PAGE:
Homelessness in Redondo Beach

Photo by Nate Cohen from PexelsHomelessness is not a crime.

Why are we seeing more homeless tents?

The 9th District Court has ruled in Martin vs City of Boise that 2 city ordinances, disorderly conduct ordinance and camping ordinance, which criminalized sleeping outside on public property whether bare or with a blanket or other basic bedding violated the Eighth Amendment insofar as it imposed criminal sanctions against homeless individuals for sleeping outdoors, on public property when no alternative shelter was available.

“Any conduct at issue here is involuntary and inseparable from status – they are one in the same, given that human beings are biologically compelled to rest, whether by sitting, lying or sleeping. As a result, just as the state may not criminalize the state of being homeless in public places, the state may not criminalize that is an unavoidable consequence of being homeless – namely sitting, lying, or sleeping on the streets.”

“So long as there is a greater number of homeless individuals in a jurisdiction than the number of available beds in shelters, the jurisdiction cannot prosecute homeless individuals for involuntarily sitting, lying and sleeping in public. That is, as long as there is no option of sleeping indoors, the government cannot criminalize indigent, homeless people for sleeping outdoors, on public property, on the false premise they had a choice in the matter.”

Redondo has ZERO shelter beds in our jurisdiction.

What has the city done to address homelessness so far?

Our Homeless Task Force was created in to guide City Council on collaborative ways to respond to challenges faced by the homeless population as well as those challenges faced by the residents, neighborhoods, businesses, schools, non-profits, churches, public safety agencies, and other service providers.

The condition of homelessness is a complex local & regional issue with many causes and contributing factors that need dialogue.

Fair share responsibility among local cities is needed to address shelter, feeding & services for the homeless population.

The significant demands on public safety resources made by the homeless population need to be reduced. In 2016, the RBPD received 3,284 transient-related calls for service or 5.55% of all the calls for service were transient related. In 2018, those numbers went up to 4,021 or 6.01% of all the calls.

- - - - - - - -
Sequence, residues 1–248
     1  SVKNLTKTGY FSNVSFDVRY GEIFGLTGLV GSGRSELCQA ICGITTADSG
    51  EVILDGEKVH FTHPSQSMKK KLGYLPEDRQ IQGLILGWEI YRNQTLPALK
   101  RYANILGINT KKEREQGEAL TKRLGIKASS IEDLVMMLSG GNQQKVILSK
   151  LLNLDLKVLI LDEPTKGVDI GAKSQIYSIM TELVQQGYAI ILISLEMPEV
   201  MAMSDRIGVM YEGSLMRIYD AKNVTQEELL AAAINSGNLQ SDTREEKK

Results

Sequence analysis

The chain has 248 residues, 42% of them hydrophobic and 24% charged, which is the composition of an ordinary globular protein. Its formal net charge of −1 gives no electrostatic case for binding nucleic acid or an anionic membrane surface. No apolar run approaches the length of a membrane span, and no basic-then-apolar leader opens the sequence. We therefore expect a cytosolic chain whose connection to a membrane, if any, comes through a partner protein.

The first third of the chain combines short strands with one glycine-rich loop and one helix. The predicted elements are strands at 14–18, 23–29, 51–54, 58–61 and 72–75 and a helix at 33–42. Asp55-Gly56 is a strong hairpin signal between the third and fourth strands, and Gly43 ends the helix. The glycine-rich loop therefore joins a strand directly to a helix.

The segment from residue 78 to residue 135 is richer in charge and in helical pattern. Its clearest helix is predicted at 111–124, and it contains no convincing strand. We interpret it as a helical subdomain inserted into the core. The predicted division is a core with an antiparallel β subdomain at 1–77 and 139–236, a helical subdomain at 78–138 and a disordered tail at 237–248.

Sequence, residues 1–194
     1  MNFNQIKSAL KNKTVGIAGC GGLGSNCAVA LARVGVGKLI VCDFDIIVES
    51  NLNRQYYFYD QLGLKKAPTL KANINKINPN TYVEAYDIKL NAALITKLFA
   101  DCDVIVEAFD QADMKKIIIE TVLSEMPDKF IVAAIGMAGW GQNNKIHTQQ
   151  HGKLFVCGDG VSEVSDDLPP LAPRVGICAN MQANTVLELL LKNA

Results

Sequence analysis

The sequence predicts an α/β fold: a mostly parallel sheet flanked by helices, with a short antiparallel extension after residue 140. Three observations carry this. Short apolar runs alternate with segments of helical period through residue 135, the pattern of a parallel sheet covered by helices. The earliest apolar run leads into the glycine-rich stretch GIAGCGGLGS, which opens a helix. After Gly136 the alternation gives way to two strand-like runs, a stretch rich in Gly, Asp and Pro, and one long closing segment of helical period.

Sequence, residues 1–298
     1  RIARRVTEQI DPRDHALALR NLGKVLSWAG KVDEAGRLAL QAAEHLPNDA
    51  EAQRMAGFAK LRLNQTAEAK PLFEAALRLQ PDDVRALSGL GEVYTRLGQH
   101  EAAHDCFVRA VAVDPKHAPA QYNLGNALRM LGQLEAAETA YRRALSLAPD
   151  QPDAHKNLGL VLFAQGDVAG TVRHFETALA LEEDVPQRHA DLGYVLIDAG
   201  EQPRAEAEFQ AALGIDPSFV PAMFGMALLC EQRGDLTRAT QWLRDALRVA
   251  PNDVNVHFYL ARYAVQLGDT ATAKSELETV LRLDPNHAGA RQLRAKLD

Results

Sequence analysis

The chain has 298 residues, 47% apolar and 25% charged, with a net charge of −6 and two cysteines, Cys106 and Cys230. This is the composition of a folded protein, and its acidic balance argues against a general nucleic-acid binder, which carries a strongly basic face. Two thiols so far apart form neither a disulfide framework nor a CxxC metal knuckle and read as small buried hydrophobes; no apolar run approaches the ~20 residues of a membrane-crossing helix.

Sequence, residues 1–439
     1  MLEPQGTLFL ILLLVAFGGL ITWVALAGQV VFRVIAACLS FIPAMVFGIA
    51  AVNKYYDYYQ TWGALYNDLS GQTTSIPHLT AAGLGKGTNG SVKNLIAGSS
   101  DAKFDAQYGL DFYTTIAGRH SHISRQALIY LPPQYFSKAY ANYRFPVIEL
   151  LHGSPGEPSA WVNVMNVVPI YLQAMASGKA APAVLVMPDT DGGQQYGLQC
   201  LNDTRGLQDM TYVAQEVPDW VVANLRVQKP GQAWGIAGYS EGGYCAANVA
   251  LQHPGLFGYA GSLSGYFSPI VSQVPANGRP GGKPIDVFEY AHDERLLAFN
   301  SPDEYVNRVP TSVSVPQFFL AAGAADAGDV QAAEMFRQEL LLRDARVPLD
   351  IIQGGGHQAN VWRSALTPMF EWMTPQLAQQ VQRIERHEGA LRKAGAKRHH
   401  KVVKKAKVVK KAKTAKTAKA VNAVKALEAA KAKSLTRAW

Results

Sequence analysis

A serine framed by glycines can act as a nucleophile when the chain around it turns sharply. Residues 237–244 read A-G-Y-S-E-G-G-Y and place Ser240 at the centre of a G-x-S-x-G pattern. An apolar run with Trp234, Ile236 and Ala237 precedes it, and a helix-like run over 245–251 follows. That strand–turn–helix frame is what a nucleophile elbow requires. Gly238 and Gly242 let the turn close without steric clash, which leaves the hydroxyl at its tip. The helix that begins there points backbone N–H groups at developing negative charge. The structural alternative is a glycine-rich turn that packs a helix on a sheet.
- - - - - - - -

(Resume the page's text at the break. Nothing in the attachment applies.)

Pathways out of homelessness need to be identified and made available. A key component of the Homeless Task Force recommendations was the need to contract with a coordinated outreach provider to ensure that all available services were made available to the homeless.

RBPD established a homeless detail, which includes one full-time Quality of Life Attorney, which also coordinates professional homeless service providers. RBPD began a 3-phase implementation:

  • Get the needed social services to those experiencing homelessness within the city while standing up a core city/community/non-profit group of individuals to address the problem long term
  • Realign the faith-based community goal of just sustaining the homeless individuals to moving them up and out of homelessness. The goal is to either find the rapid rehousing or permanent supportive housing. Many of our churches now act as a triage center, they know where the homeless sleep, what their needs are and how best to help. The churches coordinate with our navigator from Harbor Interfaith to get the person/family experiencing homeless off the street.
  • Deal with those homeless individuals who are habitual offenders of either state or local enforceable ordinances. The police department works closely with the City Attorney’s “Quality of Life Prosecutor” to resolve these matters.